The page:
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a Number of women with no missing responses on all variables used in the predictor. Reproduced with permission of the publisher from ref. 1. Permission conveyed by the Copyright Clearance Center.

a Number of women with no missing responses on all variables used in the predictor. Reproduced with permission of the publisher from ref. 1. Permission conveyed by the Copyright Clearance Center.

The SCORE questionnaire performed well in both the development and validation cohorts. Sensitivities of 0.89 and 0.91 indicate that 89 and 91% of the women in the two cohorts with femoral neck T-scores of -2 or less were at or above the SCORE threshold of 6 and would have been appropriately referred for bone density testing. In order to achieve this high degree of detection, the lower specificities of 0.50 and 0.40 in the 2 cohorts must be accepted. Of the women in the 2 cohorts 50 to 60% with femoral neck T-scores greater than -2 would also be referred for testing because their test scores were at or above the SCORE threshold of 6.

The initial publication of the design of the SCORE questionnaire and its utility was greeted with skepticism. Prior to the development of SCORE, most attempts to use clinical risk factors to select women for bone density testing had not resulted in adequate sensitivity and specificity. The questionnaire itself appeared deceptively simple in its final form, belying the very complex statistical analysis of more than 350 variables. It was also noted that 24% of the women in the validation cohort had rheumatoid arthritis. This cast doubt on the applicability and validity of the SCORE questionnaire to the general population in which such a high percentage of rheumatoid arthritis would not be expected. Finally, the femoral neck T-scores used in the development and validation phase of SCORE were based on the manufacturer's reference databases, not the NHANES III database (3). A Lunar DXA device was used in slightly more than half the cases in both cohorts with a Hologic or Norland DXA device used in the remaining cases. It was thus initially unclear how the adoption of the NHANES III database T-scores might affect the choice of the SCORE threshold for identifying individuals with a high probability of low bone mass at the femoral neck.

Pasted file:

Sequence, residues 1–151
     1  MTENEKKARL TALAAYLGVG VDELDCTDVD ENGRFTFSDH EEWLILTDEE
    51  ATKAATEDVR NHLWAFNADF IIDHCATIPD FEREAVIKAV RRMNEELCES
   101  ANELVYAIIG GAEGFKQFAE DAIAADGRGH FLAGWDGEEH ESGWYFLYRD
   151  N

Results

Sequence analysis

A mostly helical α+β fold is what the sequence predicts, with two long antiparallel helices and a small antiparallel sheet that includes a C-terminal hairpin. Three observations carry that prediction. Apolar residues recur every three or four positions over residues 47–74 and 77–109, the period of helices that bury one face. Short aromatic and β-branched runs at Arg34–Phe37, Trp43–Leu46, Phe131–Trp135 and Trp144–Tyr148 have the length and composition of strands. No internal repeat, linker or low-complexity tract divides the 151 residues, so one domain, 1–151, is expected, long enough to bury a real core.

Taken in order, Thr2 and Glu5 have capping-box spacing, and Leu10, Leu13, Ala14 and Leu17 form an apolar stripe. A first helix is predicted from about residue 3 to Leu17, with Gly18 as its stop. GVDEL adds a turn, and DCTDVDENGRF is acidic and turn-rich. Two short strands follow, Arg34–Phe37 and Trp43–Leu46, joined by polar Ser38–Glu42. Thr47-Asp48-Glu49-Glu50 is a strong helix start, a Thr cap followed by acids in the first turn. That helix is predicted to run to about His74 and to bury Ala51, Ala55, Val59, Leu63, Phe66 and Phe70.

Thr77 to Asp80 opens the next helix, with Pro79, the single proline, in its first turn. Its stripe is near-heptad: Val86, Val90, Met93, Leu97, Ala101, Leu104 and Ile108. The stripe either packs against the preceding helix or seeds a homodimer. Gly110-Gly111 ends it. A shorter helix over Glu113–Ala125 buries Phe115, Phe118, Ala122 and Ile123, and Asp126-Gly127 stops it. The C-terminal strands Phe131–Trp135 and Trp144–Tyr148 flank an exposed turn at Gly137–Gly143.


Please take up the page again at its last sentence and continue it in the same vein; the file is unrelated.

Other researchers attempted to validate the SCORE questionnaire in different study populations. Cadarette et al. (4) utilized the SCORE questionnaire in a population of 398 postmenopausal women with an average age of 64.5 years. Of the 398 women, 86.7% were Caucasian. Bone density was measured at the femoral neck and PA lumbar spine with a Hologic DXA device and T-scores were calculated using the manufacturer's reference data. The original SCORE threshold of 6 was used to identify those women who had a high probability of having a T-score of -2 or less at the spine, femoral neck, or both. The sensitivity and specificity for identifying women with a low BMD at either the spine or femoral neck in this study were 0.90 and 0.32, respectively. This means that 90% of the women with a low BMD at either the PA spine or femoral neck would be referred for bone density testing. Conversely, 68% of women with a BMD not considered low at either site would also be referred for testing, but 32% would not. When the analysis

Table 8-4

Sensitivity and Specificity for Various SCORE Thresholds in Two Age Groups

Table 8-4

Sensitivity and Specificity for Various SCORE Thresholds in Two Age Groups

Group

n

SCORE cutpoint

Sensitivity

Specificity

50-59 years

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